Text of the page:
The Red Bull star earned a maiden Monaco Grand Prix victory as Hamilton trailed in seventh, with the Mercedes team as a whole enduring a desperate day.
Valtteri Bottas was forced to retire from the race while running second when the pit crew were unable to remove a tyre, with Verstappen and fourth-placed Sergio Perez nudging Red Bull above Mercedes at the summit of the constructors' standings.
Neither Verstappen nor his team would be presumptuous enough to suggest this changing of the guard at the top of each championship is anything but potentially fleeting though, given the margins are so tight and this was just the fifth stop-off in a 23-race season.
"It's so special around here to win and to be for the first time on the podium here," Verstappen said. "It's an amazing race and you really have to keep your focus, but it's really cool.
"You never know what's going to happen, but it was all about looking after your tyres and finding a good stop gap of course. The others went earlier so that made it a bit easier for me, but it was pretty much in control.
"Of course you always want to win this grand prix. I remember when I was very little watching this grand prix and to be standing here of course I'm very proud.
"But I'm also thinking ahead. It's still a very long season, but this is a great way to continue."
Hamilton has won the last four championships and six of the last seven, while Mercedes are chasing an eighth consecutive team title.
They will have many better Sundays in the coming months, and a team statement on Twitter summed up their dismay at the Monaco outcome.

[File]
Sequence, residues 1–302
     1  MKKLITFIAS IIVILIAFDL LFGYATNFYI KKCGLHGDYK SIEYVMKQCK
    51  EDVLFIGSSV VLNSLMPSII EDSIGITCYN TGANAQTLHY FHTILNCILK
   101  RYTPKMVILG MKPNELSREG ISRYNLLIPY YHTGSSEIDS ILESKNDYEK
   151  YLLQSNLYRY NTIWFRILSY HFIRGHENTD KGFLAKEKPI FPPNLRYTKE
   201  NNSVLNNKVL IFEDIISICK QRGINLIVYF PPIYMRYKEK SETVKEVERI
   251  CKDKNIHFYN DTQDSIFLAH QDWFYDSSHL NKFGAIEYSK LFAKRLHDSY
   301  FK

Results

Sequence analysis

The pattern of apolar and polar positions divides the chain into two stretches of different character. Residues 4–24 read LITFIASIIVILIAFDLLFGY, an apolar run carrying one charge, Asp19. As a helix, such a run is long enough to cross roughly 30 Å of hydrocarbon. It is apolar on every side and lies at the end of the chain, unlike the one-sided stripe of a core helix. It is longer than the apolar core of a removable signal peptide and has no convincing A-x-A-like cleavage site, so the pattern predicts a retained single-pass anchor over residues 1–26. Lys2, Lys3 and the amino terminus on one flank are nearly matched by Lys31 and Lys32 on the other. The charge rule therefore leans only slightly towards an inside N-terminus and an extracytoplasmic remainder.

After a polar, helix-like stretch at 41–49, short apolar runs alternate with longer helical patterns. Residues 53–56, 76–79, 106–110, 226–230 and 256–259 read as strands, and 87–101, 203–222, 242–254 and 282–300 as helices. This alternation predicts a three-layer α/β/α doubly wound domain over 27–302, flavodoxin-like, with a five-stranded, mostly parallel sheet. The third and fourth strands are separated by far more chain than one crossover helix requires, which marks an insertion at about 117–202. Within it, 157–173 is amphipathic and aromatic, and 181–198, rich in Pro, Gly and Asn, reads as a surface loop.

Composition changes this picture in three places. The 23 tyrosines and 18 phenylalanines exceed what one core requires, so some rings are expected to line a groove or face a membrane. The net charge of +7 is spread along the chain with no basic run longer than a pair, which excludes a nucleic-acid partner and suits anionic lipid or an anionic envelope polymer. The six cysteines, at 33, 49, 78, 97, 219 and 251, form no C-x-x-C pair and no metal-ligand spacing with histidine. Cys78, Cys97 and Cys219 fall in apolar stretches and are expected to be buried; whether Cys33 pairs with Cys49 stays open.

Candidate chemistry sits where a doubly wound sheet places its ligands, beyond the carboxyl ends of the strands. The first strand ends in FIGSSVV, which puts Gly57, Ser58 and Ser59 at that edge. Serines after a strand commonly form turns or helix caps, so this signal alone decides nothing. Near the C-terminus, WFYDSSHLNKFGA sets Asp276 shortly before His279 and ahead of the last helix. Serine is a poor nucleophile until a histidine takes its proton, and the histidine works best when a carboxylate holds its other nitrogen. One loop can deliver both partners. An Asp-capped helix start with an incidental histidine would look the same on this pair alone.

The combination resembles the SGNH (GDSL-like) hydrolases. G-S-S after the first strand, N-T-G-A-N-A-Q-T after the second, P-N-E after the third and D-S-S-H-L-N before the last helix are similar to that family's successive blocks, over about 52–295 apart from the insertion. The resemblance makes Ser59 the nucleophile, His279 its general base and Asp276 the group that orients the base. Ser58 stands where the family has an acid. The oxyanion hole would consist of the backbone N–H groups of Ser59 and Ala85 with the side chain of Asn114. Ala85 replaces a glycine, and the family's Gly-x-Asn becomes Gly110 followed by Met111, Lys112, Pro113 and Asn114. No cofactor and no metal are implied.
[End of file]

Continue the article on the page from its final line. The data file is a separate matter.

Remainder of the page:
The statement said: "Tough one to swallow. This has been one of our hardest days as a team in a very long time. We have to accept it, own the failure, learn from it and move on from here."
Carlos Sainz finished second, with Verstappen keeping the Spaniard at a safe distance.
It was close to a nine-second gap at the finish, as Sainz delivered for a Ferrari side who had to stomach the pre-race blow of withdrawing pole-sitter Charles Leclerc.
Monaco native Leclerc majorly damaged his car with a heavy crash in qualifying, and despite subsequent assurances that he would be on the grid, Ferrari changed their minds just minutes before the race began, citing a problem with the left driveshaft.
As Leclerc licked his wounds, Sainz delivered a sterling drive for his first Ferrari podium finish. Even then, it felt bittersweet.
"It is a good result," said the 26-year-old Spaniard. "If you had told me before coming to Monaco that I would finish second, I would definitely have taken that.
"It's just the whole circumstances of the weekend, having Charles on pole, me missing out in qualifying yesterday on a good lap, it just maybe doesn't taste as good as it should.
"But if I reflect back in the week I will be very happy and proud of the weekend. And I think Ferrari as a team need to be proud about the team and the step they've done this year.
"When you see the other car not starting from pole, all of a sudden the responsibility relies on you, trying to salvage the weekend. I felt the team deserved at least a podium this weekend."
"I didn't think I'd be here," Norris said, at his post-race interview. "It's always a dream to be on a podium here.
"It's extra special, I didn't think it was going to happen. It's special here, so I'll cherish it."